Nowhere going elsewhere

National | Nowhere in Africa (unrated) is a German film that won this year's Academy Award for Best Foreign Language Film.

Issue: "No man's land," May 10, 2003

Nowhere in Africa (unrated) is a German film that won this year's Academy Award for Best Foreign Language Film. It was little seen prior to the awards ceremony, but is now playing in select art-house theaters.

The film is absorbing from start to finish, but it's not without its faults. Rather than taking the tone of a grand Swiss Family Robinson-type family adventure, Nowhere in Africa is primarily a small, psychological film, painted on a vast African canvas.

Nowhere is a majestically shot tale of a German Jewish family that flees their homeland for Africa in 1938, anticipating the Nazi horror that will soon be visited upon Jews. A lawyer in Germany, Walter Redlich (Merab Ninidze) becomes a farm manager in Kenya-the only work available to him. Walter's wife Jette (Juliane Koehler) reluctantly follows her husband with their daughter Regina.

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The Redlichs' comfortable, middle-class lifestyle evaporates in their new African home. Jette initially refuses to unpack their good china (shipped from Germany despite her husband's protests). She's a reluctant expatriate who cannot accept this new country as her own. Walter, more confident that their decision to leave Germany was the right one, still struggles with his new identity and responsibilities.

The story focuses most of its attention on the strain that living in Kenya puts on a marriage that is already less than solid. Walter deeply loves his wife, and initially Jette is painted as cold and unfeeling, unable to respect her husband once stripped of his social status. But Walter, too, struggles to earn that respect, fumbling through his responsibility to lead his family.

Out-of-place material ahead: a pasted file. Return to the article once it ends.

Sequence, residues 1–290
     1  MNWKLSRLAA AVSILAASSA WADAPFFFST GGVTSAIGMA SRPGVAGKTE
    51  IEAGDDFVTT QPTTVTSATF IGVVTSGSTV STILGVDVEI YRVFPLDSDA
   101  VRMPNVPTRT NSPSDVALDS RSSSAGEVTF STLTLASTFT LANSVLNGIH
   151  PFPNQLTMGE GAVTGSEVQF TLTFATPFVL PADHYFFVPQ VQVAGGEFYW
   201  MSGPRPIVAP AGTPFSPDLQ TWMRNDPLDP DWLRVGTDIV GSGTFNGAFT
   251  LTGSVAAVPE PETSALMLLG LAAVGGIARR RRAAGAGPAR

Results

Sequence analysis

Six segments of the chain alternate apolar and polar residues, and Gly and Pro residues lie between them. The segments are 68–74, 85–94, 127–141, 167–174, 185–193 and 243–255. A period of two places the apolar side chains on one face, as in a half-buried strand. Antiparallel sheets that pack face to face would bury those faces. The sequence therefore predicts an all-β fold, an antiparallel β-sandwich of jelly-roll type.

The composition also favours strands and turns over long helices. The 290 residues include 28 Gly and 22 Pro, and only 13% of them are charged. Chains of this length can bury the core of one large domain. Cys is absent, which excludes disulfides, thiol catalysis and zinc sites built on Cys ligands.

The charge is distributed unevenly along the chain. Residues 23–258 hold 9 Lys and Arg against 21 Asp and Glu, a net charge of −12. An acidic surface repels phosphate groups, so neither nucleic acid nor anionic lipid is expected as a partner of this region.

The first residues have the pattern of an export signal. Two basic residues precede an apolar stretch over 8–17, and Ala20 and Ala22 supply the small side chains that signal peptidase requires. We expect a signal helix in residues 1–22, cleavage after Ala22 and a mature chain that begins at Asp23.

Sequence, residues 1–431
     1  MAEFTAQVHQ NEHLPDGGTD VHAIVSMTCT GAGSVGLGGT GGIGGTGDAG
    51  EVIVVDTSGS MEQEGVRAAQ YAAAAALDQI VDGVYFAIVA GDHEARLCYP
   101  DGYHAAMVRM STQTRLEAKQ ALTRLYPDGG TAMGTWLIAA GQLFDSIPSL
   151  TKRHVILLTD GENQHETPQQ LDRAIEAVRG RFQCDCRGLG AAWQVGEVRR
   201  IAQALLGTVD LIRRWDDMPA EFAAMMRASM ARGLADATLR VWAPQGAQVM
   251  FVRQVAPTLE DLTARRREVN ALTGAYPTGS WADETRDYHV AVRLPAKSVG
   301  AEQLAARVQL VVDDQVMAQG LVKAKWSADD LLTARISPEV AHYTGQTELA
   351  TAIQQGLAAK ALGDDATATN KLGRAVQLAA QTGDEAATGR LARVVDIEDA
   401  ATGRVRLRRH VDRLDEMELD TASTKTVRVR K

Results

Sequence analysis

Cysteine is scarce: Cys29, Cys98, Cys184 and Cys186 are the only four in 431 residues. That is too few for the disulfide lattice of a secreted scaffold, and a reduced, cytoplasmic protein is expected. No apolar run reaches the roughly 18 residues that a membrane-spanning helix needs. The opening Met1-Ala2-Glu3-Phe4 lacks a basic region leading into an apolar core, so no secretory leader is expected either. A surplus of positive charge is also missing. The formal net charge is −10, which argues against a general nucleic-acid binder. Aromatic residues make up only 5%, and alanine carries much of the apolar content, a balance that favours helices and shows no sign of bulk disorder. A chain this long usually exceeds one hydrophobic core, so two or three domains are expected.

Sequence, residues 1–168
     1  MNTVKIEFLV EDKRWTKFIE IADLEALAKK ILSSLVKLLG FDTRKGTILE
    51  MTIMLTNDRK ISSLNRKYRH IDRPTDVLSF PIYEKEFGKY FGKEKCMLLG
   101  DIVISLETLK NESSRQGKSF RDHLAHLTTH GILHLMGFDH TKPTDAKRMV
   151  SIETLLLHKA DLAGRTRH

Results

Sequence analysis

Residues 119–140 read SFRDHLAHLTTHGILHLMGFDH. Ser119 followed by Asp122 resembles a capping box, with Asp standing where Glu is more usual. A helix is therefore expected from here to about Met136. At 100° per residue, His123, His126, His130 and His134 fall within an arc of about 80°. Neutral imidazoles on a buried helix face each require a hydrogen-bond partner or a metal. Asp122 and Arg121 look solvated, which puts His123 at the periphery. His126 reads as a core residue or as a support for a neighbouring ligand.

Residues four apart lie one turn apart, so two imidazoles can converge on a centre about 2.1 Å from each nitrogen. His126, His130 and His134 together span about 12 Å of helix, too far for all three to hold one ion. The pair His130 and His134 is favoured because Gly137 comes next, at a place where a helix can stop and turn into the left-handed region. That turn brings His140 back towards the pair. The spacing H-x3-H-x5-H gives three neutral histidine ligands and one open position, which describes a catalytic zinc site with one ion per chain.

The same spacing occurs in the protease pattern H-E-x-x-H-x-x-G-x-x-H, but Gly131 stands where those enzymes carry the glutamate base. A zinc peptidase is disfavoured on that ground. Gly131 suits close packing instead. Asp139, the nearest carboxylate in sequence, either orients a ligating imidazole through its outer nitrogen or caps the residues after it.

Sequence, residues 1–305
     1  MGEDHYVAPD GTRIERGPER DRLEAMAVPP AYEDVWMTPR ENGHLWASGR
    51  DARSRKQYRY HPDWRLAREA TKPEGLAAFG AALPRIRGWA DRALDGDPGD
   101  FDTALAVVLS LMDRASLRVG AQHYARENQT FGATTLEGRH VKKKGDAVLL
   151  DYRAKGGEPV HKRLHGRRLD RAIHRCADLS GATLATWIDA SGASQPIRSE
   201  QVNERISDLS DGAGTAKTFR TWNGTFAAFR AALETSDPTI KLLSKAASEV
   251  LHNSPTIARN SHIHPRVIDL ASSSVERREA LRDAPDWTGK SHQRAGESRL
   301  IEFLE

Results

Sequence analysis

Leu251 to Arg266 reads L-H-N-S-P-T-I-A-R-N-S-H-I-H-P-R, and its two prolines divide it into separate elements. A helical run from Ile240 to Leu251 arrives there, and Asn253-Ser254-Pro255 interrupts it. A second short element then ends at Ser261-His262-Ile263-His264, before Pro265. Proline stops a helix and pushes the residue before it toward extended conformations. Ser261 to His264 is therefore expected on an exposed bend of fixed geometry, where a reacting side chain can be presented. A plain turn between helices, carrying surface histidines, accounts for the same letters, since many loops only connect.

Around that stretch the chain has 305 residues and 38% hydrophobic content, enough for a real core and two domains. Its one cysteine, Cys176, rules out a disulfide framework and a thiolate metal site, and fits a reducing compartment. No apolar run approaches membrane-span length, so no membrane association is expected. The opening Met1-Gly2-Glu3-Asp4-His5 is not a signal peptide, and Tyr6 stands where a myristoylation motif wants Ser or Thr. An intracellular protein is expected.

Yet many of the film's most fascinating themes are only barely explored. The Redlichs are nonreligious Jews, driven from a homeland that more powerfully forms their identities than does their ethnicity. Yet very few scenes deal with either this painful irony or their only hinted-at spiritual struggles. The film is also burdened by two very European explicit sex scenes between Jette and Walter, whose relationship is measured by their compatibility in the bedroom.

Regina's character is perhaps the most interesting. She adapts quickly to both the land and the people of Kenya, striking up a close and sometimes moving friendship with the family's cook. Her assimilation is almost too easy, in fact, as she na•vely accepts the customs and religions of the friendly Kenyans. Like Walter and Jette, however, Nowhere in Africa never lets the audience get too far under her skin.


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